Science  09 Nov 2012:
Vol. 338, Issue 6108, pp. 727

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  1. Rare Whales Spotted in New Zealand

    Mistaken identity.

    Spade-toothed beaked whales resemble this Gray's beaked whale.


    Two whales stranded on a New Zealand beach in 2010 have turned out to be the first documented live specimens of a whale species previously known from only a few skeletal fragments. The 5.3-meter-long female and 3.5-meter-long juvenile male were initially mistaken for Gray's beaked whales. But a genetic analysis of tissue samples taken after the whales died determined they were spade-toothed beaked whales (Mesoplodon traversii).

    “It was very exciting. These animals are only known from three skull fragments; we didn't know if the species was still extant,” says Rochelle Constantine, a marine mammal biologist at University of Auckland in New Zealand. Once Constantine and her colleagues identified the species, they exhumed the carcasses for morphological analysis and reported their results on 6 November in Current Biology.

    Beaked whales are among the most rarely sighted and least understood. They inhabit deep waters in the South Pacific, feeding on squid and small fish and spending limited time at the surface.

    “Once again we have evidence that our understanding of the biota of the deep oceans is still only (literally) scratching the surface,” says marine mammal researcher Robert Harcourt of Macquarie University in Sydney, Australia.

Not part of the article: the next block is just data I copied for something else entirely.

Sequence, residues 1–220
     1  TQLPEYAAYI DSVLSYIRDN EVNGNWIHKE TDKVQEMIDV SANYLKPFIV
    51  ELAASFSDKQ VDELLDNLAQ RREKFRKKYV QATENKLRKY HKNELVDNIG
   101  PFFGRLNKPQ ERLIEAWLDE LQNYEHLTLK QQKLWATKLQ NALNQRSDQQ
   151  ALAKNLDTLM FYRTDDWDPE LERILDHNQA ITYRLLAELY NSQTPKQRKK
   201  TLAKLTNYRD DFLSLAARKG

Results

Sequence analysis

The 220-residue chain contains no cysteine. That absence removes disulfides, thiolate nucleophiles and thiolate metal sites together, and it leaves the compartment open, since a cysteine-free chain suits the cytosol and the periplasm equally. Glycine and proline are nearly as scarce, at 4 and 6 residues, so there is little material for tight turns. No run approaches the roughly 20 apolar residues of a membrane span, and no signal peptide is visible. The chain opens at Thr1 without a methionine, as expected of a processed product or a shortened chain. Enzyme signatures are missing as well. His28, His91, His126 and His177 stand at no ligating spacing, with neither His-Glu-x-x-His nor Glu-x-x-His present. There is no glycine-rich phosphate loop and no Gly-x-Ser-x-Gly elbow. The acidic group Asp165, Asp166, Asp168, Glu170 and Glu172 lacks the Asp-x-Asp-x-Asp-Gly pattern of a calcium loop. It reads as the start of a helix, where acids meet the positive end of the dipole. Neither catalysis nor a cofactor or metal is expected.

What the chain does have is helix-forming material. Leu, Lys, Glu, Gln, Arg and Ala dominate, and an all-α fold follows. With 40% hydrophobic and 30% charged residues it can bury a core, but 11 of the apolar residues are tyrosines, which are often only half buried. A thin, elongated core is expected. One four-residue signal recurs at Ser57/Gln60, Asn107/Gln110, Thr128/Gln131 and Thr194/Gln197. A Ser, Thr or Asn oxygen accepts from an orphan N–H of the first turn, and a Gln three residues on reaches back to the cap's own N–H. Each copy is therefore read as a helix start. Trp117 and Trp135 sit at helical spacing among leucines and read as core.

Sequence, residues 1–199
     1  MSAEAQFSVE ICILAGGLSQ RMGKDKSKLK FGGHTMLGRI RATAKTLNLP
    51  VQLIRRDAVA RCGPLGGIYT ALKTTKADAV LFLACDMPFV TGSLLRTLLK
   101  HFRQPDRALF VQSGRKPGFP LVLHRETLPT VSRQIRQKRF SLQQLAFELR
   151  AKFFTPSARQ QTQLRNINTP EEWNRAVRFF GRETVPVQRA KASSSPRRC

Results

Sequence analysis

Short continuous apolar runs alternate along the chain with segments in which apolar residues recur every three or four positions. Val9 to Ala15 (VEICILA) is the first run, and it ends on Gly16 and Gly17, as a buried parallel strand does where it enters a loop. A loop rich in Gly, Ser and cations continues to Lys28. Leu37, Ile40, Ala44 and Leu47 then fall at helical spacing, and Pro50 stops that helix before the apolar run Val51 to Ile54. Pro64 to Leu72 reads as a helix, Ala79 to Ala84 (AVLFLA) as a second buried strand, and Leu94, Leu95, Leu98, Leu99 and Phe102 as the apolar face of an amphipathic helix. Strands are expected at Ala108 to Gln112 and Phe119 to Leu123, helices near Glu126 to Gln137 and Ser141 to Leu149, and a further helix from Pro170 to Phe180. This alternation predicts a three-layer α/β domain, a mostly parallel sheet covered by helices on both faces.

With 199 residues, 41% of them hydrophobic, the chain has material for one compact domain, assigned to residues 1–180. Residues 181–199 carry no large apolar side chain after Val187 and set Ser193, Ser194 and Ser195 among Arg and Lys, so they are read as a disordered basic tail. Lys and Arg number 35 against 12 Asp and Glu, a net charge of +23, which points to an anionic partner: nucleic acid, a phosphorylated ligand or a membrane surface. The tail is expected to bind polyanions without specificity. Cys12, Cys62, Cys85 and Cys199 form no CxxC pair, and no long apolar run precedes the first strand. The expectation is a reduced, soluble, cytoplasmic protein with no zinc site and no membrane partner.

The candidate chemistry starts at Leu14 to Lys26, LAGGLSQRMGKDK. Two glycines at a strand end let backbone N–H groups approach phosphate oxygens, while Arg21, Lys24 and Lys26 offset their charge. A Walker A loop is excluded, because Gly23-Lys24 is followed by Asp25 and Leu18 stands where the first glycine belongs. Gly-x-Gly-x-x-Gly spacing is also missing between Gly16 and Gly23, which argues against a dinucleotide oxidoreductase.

2. Infinitely Fast Light—Sort Of

    Within a tiny device, visible light can, by one measure, travel infinitely fast, a team of researchers report. In a material such as glass, light travels slower than in empty space. The ratio of the speed of light in the vacuum to that of in the material defines the material's “index of refraction,” which is usually greater than one. Not so inside the nanometer-scale “wave guide” that Albert Polman, a physicist at the FOM Institute for Atomic and Molecular Physics in Amsterdam; Nader Engheta, an electrical engineer at the University of Pennsylvania; and colleagues fashioned out of silicon dioxide and silver. In the guide, described in a paper in press at Physical Review Letters, light waves of one frequency zip along infinitely fast, giving the device an index of refraction of zero—a first for visible light. The gizmo doesn't violate relativity, Engheta says, because energy still flows down the channel slower than the usual speed of light.

    “The demonstration of such a thing is definitely very interesting and possibly useful,” says Wenshan Cai, an electrical engineer at the Georgia Institute of Technology in Atlanta. For example, such a device might serve as a collector of light in optical experiments, Cai says.